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Pressure Yourself When Doing Solo Practice

I am a HUGE fan of solo practice. Not enough squash players do it and I believe that is partly because they don’t know what, how or why to practice. As a coach, that’s part of my job to clarify those points to my pupils.

Sharing A Squash Court For Solo Drilling

For this article though, I want to assume that you regularly hit the ball on your own as part of your training.

When we play matches we feel pressure. Pressure to win points. We get a little nervous in various situations, especially after a long rally when faced with an opportunity to win the point.

Ideally, our training should prepare us for what we will face in real matches.

The next time you go on court, I want you to have prepared a routine that contains five or six different hitting routines, each with a set number of shots.

For example, 30 forehand drives whose first bounce lands in the service box, 30 forehand volleys with one foot in the service box at all times, 30 forehand volleys with you standing about one racket length away from the frontwall, forehand/backhand volleys in the middle of the frontwall, move to the backhand side doing the reverse of the forehand routine.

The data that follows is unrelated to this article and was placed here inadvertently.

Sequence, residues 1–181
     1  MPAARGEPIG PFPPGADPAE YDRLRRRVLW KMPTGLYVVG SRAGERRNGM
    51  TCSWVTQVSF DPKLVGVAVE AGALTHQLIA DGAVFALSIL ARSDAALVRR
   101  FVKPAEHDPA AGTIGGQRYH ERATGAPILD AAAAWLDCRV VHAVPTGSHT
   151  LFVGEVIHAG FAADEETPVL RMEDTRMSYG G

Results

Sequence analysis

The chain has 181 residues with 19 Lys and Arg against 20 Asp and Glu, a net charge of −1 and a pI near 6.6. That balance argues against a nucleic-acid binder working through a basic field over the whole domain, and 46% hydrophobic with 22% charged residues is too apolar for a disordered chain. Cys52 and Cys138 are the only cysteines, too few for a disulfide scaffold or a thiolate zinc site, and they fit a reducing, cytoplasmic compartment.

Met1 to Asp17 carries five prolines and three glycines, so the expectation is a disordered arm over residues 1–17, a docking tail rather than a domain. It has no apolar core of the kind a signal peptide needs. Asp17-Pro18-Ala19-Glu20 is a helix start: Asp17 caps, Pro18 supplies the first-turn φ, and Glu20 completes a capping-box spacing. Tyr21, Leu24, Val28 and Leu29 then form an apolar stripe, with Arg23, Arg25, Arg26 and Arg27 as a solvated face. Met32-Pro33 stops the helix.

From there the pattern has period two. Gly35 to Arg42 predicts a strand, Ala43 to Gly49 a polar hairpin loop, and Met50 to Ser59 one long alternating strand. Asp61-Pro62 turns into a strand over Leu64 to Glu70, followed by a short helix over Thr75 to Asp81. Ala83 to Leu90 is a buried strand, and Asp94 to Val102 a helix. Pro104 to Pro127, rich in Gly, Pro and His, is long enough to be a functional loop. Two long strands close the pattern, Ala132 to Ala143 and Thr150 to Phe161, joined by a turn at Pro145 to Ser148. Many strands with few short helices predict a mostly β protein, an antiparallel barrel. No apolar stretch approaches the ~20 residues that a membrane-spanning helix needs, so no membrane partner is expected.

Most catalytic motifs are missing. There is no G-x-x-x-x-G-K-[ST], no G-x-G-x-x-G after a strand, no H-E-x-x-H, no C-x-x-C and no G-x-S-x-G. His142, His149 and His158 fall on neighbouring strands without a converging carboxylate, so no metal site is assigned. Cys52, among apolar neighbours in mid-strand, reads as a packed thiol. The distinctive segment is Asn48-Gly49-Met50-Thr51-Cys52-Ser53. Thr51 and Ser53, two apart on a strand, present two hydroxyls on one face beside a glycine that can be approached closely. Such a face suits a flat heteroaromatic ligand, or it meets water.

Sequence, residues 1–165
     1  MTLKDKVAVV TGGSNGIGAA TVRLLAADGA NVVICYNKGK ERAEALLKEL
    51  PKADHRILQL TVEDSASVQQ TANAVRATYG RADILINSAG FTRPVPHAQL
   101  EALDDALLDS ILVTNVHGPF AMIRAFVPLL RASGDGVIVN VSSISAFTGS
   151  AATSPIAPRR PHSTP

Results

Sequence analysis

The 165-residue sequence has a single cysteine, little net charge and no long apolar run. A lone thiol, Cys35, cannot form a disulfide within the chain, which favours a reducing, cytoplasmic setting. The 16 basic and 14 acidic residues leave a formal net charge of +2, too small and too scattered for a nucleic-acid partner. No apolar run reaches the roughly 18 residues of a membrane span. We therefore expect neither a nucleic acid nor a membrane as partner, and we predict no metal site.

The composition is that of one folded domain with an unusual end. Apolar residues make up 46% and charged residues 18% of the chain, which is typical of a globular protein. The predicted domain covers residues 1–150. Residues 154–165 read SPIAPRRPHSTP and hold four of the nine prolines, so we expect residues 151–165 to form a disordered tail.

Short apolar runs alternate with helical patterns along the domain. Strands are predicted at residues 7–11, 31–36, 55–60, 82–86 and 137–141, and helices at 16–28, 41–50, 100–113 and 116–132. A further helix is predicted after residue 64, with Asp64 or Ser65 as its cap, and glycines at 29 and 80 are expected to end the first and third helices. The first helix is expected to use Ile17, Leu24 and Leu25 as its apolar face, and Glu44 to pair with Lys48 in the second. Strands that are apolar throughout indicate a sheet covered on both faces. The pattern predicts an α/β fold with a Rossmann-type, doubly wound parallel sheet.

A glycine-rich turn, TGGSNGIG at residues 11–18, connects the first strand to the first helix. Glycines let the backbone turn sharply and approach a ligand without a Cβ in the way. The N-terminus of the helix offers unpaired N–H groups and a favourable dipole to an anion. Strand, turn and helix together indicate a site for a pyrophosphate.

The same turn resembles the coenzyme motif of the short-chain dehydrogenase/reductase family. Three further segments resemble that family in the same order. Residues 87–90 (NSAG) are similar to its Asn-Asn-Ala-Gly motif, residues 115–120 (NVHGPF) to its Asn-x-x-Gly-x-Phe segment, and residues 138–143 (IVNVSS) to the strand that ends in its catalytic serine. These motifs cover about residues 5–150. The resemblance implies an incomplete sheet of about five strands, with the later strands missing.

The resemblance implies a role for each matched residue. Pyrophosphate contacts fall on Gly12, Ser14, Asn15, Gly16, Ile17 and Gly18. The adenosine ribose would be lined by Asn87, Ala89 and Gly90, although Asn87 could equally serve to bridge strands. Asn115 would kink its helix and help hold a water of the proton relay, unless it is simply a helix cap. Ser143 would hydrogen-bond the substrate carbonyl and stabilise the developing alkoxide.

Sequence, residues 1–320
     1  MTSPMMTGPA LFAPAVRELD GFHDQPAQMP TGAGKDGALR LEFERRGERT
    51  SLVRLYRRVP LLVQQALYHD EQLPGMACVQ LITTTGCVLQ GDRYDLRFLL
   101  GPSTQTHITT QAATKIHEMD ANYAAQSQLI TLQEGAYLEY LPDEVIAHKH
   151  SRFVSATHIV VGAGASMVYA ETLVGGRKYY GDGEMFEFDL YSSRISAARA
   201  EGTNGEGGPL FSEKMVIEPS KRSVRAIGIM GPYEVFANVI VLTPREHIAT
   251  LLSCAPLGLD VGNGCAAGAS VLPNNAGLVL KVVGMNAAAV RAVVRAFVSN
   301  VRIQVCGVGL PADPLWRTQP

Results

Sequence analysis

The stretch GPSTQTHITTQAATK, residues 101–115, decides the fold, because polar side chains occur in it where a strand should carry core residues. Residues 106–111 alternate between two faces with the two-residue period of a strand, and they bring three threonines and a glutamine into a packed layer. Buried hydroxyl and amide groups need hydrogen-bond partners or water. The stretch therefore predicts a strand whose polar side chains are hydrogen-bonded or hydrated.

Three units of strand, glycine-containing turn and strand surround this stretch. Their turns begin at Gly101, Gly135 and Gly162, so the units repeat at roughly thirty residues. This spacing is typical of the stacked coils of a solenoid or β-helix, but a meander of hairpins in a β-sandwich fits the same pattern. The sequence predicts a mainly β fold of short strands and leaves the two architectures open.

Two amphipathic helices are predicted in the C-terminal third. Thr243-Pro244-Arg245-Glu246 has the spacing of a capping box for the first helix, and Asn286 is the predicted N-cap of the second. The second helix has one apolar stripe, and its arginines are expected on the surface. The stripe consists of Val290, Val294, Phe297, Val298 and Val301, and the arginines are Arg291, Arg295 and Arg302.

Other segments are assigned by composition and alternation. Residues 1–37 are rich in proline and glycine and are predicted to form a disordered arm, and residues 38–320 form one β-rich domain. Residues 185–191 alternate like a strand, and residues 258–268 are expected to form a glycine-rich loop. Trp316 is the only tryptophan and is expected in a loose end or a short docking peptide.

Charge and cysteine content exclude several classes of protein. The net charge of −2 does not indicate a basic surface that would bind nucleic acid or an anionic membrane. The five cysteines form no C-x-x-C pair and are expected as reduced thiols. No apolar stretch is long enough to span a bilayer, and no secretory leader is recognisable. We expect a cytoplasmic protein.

What Type Of Squash Player Are You?
Here’s me trying to get down low!

Phew, that’s 7 exercises.

Now do then without a mistake in any.

If you make a mistake in any of the exercises, go back to the complete beginning.

If 30 is too many, start with 10.

Do it until the time finishes or you have completed it.

I guarantee that when you are close to finish you WILL feel the pressure, especially if the ball is close to the sidewall.

It’s a GREAT way to partially rec-create the same pressure you feel in a match and the feeling of doing the routine is so exciting.

It makes you want to do more routines like that.

Try it and tell me what happens.